Abstract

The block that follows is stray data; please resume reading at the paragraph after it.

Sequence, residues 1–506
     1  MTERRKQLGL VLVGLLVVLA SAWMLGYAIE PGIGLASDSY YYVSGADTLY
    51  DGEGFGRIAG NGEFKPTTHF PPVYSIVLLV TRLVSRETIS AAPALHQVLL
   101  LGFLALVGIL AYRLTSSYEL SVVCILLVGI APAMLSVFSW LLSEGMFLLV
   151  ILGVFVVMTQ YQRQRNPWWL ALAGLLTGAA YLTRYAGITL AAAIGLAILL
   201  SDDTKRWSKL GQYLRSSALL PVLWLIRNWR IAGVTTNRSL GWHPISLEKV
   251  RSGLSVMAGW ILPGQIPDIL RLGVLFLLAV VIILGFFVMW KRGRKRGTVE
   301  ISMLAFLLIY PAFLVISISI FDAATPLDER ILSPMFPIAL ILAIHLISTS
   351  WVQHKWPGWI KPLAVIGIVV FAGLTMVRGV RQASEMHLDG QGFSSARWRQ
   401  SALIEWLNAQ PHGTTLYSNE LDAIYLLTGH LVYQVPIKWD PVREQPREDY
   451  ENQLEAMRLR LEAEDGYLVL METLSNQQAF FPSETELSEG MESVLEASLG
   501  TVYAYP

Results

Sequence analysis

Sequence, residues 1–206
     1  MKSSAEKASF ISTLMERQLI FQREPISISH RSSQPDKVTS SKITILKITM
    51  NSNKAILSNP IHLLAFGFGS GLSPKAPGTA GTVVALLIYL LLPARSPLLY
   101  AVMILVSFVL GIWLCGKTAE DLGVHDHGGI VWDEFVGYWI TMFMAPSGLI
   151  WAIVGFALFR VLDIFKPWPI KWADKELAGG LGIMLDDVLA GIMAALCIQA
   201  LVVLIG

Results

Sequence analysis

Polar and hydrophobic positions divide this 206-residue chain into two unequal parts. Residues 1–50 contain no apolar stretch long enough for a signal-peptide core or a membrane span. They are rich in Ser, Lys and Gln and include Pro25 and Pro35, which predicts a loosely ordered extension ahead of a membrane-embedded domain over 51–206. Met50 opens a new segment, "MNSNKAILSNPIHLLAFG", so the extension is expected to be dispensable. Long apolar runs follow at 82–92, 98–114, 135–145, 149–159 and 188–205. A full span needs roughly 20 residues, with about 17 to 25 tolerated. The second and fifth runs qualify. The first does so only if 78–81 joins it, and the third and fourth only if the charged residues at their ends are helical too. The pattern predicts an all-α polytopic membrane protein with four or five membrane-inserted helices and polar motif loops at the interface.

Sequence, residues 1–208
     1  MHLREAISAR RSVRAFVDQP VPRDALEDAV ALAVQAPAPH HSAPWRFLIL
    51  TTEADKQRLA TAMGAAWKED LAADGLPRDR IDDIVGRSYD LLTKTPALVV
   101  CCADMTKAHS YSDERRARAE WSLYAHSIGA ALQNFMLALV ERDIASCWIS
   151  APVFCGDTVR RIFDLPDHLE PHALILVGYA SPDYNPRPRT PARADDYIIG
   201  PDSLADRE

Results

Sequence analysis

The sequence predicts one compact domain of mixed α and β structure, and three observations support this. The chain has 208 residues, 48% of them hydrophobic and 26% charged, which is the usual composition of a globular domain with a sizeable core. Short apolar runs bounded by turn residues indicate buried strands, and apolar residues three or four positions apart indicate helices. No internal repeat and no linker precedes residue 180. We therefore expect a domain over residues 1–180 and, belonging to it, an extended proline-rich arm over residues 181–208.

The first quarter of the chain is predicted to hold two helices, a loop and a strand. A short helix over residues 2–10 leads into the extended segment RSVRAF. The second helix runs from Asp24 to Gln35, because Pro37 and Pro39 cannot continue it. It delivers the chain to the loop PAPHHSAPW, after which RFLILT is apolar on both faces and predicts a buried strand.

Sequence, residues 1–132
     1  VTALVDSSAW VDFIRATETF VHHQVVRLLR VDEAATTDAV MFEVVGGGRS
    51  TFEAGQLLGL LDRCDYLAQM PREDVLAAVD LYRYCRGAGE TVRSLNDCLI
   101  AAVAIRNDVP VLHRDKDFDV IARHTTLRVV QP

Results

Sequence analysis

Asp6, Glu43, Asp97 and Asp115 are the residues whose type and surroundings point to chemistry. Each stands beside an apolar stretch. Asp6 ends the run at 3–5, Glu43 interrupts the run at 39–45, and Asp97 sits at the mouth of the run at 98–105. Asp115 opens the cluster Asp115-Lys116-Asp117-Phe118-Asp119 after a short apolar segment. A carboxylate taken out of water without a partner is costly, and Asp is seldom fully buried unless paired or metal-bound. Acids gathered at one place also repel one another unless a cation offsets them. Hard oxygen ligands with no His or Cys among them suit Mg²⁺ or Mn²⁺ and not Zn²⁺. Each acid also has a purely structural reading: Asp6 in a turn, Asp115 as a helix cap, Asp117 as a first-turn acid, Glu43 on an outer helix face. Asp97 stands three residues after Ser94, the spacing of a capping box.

Molybdenum deposits are classified by using magma series chemistry expressed as K (sub 57.5) (i.e., the K 2 O content at 57.5% SiO 2 in a magma series); the F, Nb, Rb, and Sr contents of the source pluton; and the abundance of F and Sn in the hydrothermal system. By plotting K (sub 57.5) values against the Nb, Rb, and F contents of the granitic source pluton, a natural dividing line emerges separating igneous rocks with K (sub 57.5) values below 2.5 from rocks with K (sub 57.5) values above 2.5. This metallogenically significant break forms the basis for our proposed classification.No molybdenum deposits have been found in calcic magma series. Calc-alkaline stockwork molybdenum deposits are associated with calc-alkalic and high K calc-alkalic magma series (K (sub 57.5) < or = 2.5). The peraluminous source pluton, as a rule, contains less than 20 ppm Nb, between 100 and 800 ppm Sr, and from 100 to 350 ppm Rb. Molybdenite grades in the hydrothermal system rarely exceed 0.25 percent and fluorine is only weakly enriched in the phyllic zone. Tungsten in the form of scheelite may be common, but tin is absent. Stock and plutonic deposit types are distinguished by taking into account depth of formation and hydrothermal and fluid inclusion characteristics. Examples of stock type calc-alkaline molybdenum deposits include Kitsault and Hall, whereas Endako and Adanac represent plutonic calc-alkaline molybdenum deposits.Alkali-calcic and alkalic molybdenum stockwork deposits are related to metaluminous to peraluminous granitic differentiates of high K calc-alkalic (K (sub 57.5) > 2.5), alkali-calcic, and alkalic magma series. Source plutons contain from 25 to in excess of 250 ppm Nb, 200 to 800 ppm Rb, less than 125 ppm Sr, and less than 0.2 percent TiO 2 and are enriched in F, Sn, and Mo. The hydrothermal system commonly contains molybdenite grades above 0.30 percent and is characterized by intense K metasomatism and an abundance of fluorite and/or topaz. Tungsten is common and occurs as huebnerite or wolframite. The deposits are enriched in tin. The alkali-calcic to alkalic deposit category has been subdivided into: (1) transitional deposits cogenetic with granitic differentiates of high K calc-alkalic (K (sub 57.5) > 2.5) and alkali-calcic magma series characterized by moderate enrichment in Nb, Rb, and F (Questa, Mount Hope); (2) Climax-type deposits associated with highly differentiated granites of alkali-calcic magma series (e.g., Climax, Urad-Henderson, Mount Emmons); and (3) alkalic deposits found with alkali-calcic and alkalic magma series. The alkalic molybdenum deposits are subdivided into (a) deposits cogenetic with metaluminous quartz-deficient syenitic and monzonitic stocks (e.g., Nogal Peak) and (b) deposits related to granites (e.g., Malmbjerg).Calc-alkaline molybdenum deposits occur in continents and older island arcs in volcanoplutonic arcs associated with plate convergence. Climax-type deposits are found in areas of crustal relaxation and extension above the deepest part of a subduction zone. Alkalic deposits are present in areas of back-arc spreading associated with converging plate margins, in intracratonic rifts, and in rifts associated with the opening of oceanic basins. Magmatism responsible for the formation of calc-alkaline molybdenum stockwork deposits may be a product of partial fusion of subducted oceanic lithosphere. Partial melting of enriched upper mantle in response to pressure release in areas of back-arc spreading and intracratonic rifting could form magmas related to Climax-type and alkalic deposits. We propose that the chemical differences between source plutons and hydrothermal systems in the two categories indirectly reflect the phlogopite stability field in the subducted slab and the overlying mantle wedge. We also propose that, based on the data presented, molybdenum contained in all stockwork deposit types is of subcrustal origin.The validity of the proposed classification has been tested by plotting radiometrically dated molybdenum deposits of the western United States on maps showing the distribution and magma chemistry of arc magmatism for the appropriate time span. The location of the deposit accurately predicts the type of deposit as determined independently by igneous trace element data and hydrothermal system characteristics. Our findings suggest that at any time during the development of the magma arc each molybdenum deposit category has its unique position within the arc. Geochemical data presented also show that a continuum exists between calc-alkaline molybdenum stockwork deposits and porphyry coppers. Calc-alkaline molybdenum deposits grade into Climax-type deposits through the intermediate transitional deposit type. No deposits transitional between alkalic porphyry copper deposits and Climax-type molybdenum deposits are known to us.The striking differences between calc-alkaline and Climax-type molybdenum deposits are a consequence of original magma chemistry, molybdenum concentration levels in the parent magma, and the behavior of molybdenum in the melt and hydrothermal system. The high K, F, Rb, and low Ti and Fe contents of granitic rocks associated with Climax-type deposits create conditions ideal for molybdenum concentration, initially through crystal fractionation and liquid state thermogravitational diffusion and later by means of volatile transfer or the formation of a hydrous alumina-deficient K-rich silicate melt. Following vapor saturation of this residual melt, molybdenum will be introduced into the hydrothermal system. Decomposition of the K silicate component in response to cooling and a pH decrease results in addition of potassium to the hydrothermal fluid or the wall rocks and the precipitation of quartz and molybdenite. The striking correlation between added K 2 O and MoS 2 grades in the deposits lends credence to this concentration mechanism. No quantitative correlation between fluorine and molybdenum introduced in the hydrothermal system has been documented. In our estimation, the importance of fluorine principally lies in its capability of altering magma characteristics that help to enhance molybdenum concentration processes. Differentiates of calc-alkaline magma series have lower initial molybdenum concentrations and this factor combined with the higher Ti and Fe levels, and the less extreme K and Rb and low F contents, prohibits extreme molybdenum concentration during the late magmatic stage. Consequently, most calc-alkaline molybdenum deposits are less intensely mineralized.The relationship between magma chemistry and metallogeny as exemplified by the metallogeny of molybdenum deposits may be extended to include other metals and could prove to be a valuable exploration tool.